Spider-Man: Shattered Dimensions is a work of pure indulgence, a tapestry of silver age fanservice framed with an overly elaborate multiverse-spanning plot. The wafer-thin conceit is that you flick between four spider-men from various comic incarnations – Amazing, Ultimate, Noir and 2099 – who are working together to fight a variety of familiar villains and recover a magical (read: potentially apocalyptic) artefact, eventually culminating in a showdown with old foe Mysterio.
The game is – wait, Mysterio? This is a guy whose most significant trademark is wearing a fishbowl on his head, and his defining action was blowing his own brains out in an issue of Daredevil. How bad must things be if developer Beenox is forced to scrape the barrel so hard only Mysterio is left remaining? Sure, there's Carnage, Vulture, Deadpool, Doctor Octopus and Kraven, but Norman Osborn's stock must have taken a severe battering if he's playing second fiddle to Mysterio. Mysterio!
But in all seriousness, the game's ensemble cast only serves to prove what most fans will already know: it's the vanilla Amazing Spider-Man that's the best. His is the campaign that ties the others together, and he's the one who receives cult icon Neil Patrick Harris as a voice actor. Still, despite efforts to mix up the quartet with an aesthetic mix of the popular (Amazing, Ultimate) and niche (Noir, 2099) the actual end result, with one exception, tends to play exactly the same.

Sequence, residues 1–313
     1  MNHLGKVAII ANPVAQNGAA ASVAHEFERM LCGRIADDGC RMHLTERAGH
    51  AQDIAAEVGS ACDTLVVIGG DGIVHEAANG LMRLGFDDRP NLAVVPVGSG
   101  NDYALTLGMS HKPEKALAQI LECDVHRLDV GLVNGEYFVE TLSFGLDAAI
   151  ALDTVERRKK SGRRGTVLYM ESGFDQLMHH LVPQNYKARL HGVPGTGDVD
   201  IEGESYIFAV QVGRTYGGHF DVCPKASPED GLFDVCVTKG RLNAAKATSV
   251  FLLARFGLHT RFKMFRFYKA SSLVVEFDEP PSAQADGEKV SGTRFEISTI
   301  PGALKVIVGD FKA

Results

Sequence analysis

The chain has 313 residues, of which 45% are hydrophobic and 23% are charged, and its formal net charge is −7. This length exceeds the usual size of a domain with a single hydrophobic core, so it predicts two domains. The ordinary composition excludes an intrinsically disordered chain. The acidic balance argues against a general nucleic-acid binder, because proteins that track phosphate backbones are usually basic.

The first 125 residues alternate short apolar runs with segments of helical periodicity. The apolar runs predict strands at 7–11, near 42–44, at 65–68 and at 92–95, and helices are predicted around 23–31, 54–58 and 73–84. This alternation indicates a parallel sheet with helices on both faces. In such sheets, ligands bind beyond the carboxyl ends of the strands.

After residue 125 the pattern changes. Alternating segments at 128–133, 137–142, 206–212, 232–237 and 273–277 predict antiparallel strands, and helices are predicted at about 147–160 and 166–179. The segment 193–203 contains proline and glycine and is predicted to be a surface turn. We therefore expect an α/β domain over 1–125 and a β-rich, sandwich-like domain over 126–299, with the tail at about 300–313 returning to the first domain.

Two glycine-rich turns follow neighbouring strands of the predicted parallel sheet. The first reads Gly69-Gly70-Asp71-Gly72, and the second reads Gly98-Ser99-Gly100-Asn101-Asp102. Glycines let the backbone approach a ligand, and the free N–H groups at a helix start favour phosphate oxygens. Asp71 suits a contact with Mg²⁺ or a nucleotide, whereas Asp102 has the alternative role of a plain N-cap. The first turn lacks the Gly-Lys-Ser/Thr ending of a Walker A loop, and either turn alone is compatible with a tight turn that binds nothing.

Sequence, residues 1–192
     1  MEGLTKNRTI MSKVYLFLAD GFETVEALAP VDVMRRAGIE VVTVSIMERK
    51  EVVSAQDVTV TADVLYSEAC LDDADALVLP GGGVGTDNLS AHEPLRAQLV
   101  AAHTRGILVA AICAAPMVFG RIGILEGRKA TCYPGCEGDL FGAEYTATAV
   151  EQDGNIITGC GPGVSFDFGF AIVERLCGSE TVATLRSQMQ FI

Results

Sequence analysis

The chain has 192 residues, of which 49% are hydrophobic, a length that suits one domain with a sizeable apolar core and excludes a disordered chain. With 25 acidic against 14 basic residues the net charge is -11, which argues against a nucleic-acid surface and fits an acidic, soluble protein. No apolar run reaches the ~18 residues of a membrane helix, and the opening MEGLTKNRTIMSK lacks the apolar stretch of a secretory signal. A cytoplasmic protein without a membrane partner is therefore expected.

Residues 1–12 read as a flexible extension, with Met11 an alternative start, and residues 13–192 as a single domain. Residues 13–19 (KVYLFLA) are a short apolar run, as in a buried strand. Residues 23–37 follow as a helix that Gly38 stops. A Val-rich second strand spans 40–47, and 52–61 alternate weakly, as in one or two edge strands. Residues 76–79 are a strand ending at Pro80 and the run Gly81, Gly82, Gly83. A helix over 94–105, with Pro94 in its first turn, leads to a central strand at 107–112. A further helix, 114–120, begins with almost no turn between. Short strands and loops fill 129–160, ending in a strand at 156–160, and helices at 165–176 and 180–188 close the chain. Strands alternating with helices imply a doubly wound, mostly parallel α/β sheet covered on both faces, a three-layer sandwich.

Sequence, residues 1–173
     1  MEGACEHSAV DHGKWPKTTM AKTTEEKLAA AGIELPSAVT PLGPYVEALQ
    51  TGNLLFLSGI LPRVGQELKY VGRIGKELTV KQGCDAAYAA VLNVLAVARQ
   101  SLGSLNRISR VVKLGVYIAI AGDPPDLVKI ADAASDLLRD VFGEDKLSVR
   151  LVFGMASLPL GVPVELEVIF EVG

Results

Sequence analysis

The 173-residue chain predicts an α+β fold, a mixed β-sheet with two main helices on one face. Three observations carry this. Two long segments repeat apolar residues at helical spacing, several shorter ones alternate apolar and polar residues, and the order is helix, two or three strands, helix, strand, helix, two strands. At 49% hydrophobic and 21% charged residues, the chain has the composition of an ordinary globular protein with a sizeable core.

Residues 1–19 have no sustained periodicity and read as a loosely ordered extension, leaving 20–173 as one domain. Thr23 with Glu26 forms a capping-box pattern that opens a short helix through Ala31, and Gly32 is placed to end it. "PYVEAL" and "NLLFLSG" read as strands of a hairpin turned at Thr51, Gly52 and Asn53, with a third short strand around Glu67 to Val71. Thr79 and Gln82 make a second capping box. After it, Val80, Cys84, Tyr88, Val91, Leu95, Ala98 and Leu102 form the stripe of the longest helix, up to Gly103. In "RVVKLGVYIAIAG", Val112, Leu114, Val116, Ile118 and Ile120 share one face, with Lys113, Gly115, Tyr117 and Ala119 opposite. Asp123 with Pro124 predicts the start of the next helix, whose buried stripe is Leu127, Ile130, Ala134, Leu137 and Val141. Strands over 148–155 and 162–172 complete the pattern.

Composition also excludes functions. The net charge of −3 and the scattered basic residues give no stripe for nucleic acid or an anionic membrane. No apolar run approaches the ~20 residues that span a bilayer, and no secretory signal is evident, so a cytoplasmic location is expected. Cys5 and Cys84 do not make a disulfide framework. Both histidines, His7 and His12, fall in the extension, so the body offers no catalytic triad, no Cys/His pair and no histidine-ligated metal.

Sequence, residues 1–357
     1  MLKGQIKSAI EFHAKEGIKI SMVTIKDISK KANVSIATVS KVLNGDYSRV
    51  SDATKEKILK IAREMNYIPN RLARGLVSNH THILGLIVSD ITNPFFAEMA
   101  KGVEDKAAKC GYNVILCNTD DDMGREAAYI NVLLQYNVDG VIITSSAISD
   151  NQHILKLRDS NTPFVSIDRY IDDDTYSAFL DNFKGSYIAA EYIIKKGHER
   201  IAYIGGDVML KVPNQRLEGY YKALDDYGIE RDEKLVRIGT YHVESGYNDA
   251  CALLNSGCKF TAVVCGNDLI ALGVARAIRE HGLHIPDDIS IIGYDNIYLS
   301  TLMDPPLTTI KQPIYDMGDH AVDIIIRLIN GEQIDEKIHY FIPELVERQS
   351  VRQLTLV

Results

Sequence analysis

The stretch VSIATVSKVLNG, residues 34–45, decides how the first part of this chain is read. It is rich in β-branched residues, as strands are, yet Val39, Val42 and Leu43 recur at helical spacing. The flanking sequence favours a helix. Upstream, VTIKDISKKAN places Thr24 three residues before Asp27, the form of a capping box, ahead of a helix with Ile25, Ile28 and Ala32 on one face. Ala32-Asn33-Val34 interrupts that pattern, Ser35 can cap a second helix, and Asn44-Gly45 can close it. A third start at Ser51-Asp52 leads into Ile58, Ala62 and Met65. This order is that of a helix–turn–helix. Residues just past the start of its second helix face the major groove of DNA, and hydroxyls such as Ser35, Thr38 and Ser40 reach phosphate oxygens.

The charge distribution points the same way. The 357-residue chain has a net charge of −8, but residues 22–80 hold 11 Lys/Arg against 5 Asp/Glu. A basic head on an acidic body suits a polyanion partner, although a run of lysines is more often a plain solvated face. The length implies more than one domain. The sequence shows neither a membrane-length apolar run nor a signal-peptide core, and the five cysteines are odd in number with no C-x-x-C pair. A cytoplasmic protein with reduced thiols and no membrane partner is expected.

The real pearl of the game is the punning script, packed full of the one-sided bantering that's come to define the friendly neighbourhood webslinger over the decades. It manages to elicit more than a few chuckles across its duration, though does fall victim to regurgitating the same one-liners from time to time. The solid (if corny) voice acting goes down a treat, though, and Stan Lee's narration neatly fits with the tone of the game. Don't expect gritty, basically.
It also helps that developer Beenox also has a keen eye for the set-pieces. One level has you jumping between oil rigs by way of surfing a capsized boat across a tidal wave, all while being filmed as the contestant in Deadpool's 'The Pain Factor' TV show; another has you darting over splintered shards of wreckage flung out from a stage-engulfing typhoon; and one has you chasing a cannibalistic Vulture through dimmed, prohibition-era backstreets and alleys.
Beenox's decision to theme each stage around one particular rogue pays dividends, with multiple spiralling encounters proving far more rewarding to the player than simply tossing in cursory boss fights as level finales. After enough to-and-fro, each villain will activate the powers of their shard trimming – that one that will destroy the universe – which signifies the big, traditional end of level fight. It is a shame, however, that each souped-up encounter is usually just a more difficult version of former tussles.